Former Queens deputy borough president tapped to lead citywide civic group that’s focused on next Census

Melva Miller (left) with Queens Borough President Melinda Katz during a lighter moment at a 2017 Queens Borough Hall meeting.
File photo/QNS

Melva Miller, the former deputy Queens borough president, was appointed on Dec. 4 as the new executive vice president of the Association of a Better New York (ABNY), a non-profit civic organization.

The Laurelton resident will lead ABNY’s initiative to ensure that as many New Yorkers as possible are counted in the 2020 Census to ensure that proper federal funding will go to higher education, affordable housing and other important public concerns, according to the civic organization.

“I’m excited, I’m excited,” said Miller. “Working with civic-minded business leaders is something that I’ve been doing for the past 14 years.”

Queens Borough President Melinda Katz appointed Miller as her deputy in 2015; she helped to create the Jamaica NOW Action Plan, a stakeholder-driven strategy to increase quality employment, economic diversity and financial security in downtown Jamaica.

In her former role, Miller also served as the lead organizer of the Western Queens Tech Strategic Plan, which was an initiative to produce a five-year blueprint for equitable growth of the Long Island City and Astoria tech ecosystem, according to ABNY.

Now, the ABNY wants to make sure that the 2020 Census includes a proper count of all New York City residents because the final numbers will make a huge difference into how much funding the city and state will receive over the following decade.

“The Census will determine tens of billions in federal funding for New York City and State,” said Steven Rubenstein, chairman of ABNY. ” We are lucky to be adding Melva…to our team. We needed an individual who knows how to organize from the ground up, who understands how to manage New York’s unique politics, and who has serious policy chops, too.”

For Miller, working on the 2020 Census will be one of her most important jobs yet.

“In 2010, Queens was severely undercounted for a number of reasons,” said Miller. “It’s a constitutional right for everybody in the United States to be counted and that data dictates a number of things that affect the quality of life for all of us.”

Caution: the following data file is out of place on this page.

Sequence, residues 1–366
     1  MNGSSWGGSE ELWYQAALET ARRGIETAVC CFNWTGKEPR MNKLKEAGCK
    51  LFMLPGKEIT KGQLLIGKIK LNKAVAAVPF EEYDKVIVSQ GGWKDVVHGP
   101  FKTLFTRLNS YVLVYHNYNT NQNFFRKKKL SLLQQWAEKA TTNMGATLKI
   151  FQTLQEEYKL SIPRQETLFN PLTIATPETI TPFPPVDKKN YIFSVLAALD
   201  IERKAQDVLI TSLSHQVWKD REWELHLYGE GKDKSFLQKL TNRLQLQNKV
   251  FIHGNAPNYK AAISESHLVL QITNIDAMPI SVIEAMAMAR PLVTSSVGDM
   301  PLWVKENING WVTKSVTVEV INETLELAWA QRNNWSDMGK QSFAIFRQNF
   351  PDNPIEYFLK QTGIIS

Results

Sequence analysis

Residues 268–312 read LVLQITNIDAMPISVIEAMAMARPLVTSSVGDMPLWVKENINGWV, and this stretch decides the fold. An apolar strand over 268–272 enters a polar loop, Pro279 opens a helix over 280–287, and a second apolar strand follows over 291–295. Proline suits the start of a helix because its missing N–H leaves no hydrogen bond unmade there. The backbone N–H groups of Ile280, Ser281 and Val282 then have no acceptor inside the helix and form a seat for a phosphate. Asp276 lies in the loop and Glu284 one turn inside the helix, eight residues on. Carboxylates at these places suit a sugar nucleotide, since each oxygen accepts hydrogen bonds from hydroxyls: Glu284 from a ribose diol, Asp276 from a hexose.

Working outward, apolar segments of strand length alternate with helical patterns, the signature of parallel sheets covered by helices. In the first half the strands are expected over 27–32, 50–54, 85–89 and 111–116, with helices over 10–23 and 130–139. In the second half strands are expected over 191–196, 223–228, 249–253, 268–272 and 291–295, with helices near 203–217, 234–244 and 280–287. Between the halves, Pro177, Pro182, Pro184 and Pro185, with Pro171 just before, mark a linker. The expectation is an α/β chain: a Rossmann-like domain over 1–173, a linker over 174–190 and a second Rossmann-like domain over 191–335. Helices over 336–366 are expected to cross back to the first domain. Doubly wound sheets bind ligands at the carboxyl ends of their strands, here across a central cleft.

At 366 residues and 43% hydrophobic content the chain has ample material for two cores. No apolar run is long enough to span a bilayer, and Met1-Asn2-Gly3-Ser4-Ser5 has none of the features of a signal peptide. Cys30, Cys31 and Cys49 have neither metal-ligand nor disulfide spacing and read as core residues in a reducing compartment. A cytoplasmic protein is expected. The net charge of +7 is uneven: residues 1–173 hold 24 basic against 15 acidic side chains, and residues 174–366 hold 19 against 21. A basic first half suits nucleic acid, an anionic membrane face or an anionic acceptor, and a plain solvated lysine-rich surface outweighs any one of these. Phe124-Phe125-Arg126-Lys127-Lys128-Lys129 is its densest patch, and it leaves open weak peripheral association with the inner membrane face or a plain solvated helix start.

The Census has an impact on funding for programs for youths and seniors, and it determines the number of Congressional seats we have, according to Miller.

“I worked on this tangentially at the Queens Borough’s Office, and now I get to work on this full force and with additional challenges with the 2020 Census it’s important that we have all hands on deck,” said Miller.

Three of the major challenges include the citizenship question, pushing the questionnaire to be online, and a substantial reduction on Census Bureau enumerators, or people who are responsible to do the count, according to Miller.

“We need to really get out the word on it and protect folks,” said Miller.

She fears that the citizenship question will deter undocumented individuals from coming forward and being counted, that people without reliable broadband or who don’t use computers won’t be counted, and that with cuts in the federal budget for Census staff could result in one of the largest cities in the world being undercounted again and therefore short on resources.

“There are currently six lawsuits across the country about the [citizenship] question,” said Miller. “We have data that shows that it deters people from participating in the Census and that has enormous ramifications for an accurate count for who is in the United States.”

In 2010, there were 12 regional census centers and 506 local census centers across the country, 39 area offices in New York State and 26 in New York City, according to Miller. For 2020, it is estimated that there will be six regional census centers and 248 local census centers across the country, 21 area centers in New York State and 12 in New York City.

“What ABNY does it pull in our private partners and we are polling to learn about all the challenges, and our next step is to get in touch with government partners to draft messaging to get the word out about the importance of being counted,” said Miller. “We are doing focus groups to learn what they know about the Census [and] if they know it’s their Constitutional right and how it affects their quality of life.”

ABNY hopes to target messaging to the communities that have historically been undercounted with the polling and focus group information.

“We want to provide solutions, whether that is technology, whether that is content creation, whether that is pop-up centers or translation services,” said Miller. “The end game is to work out a get out the Census campaign in a micro-targeted way in the communities that is most vulnerable.”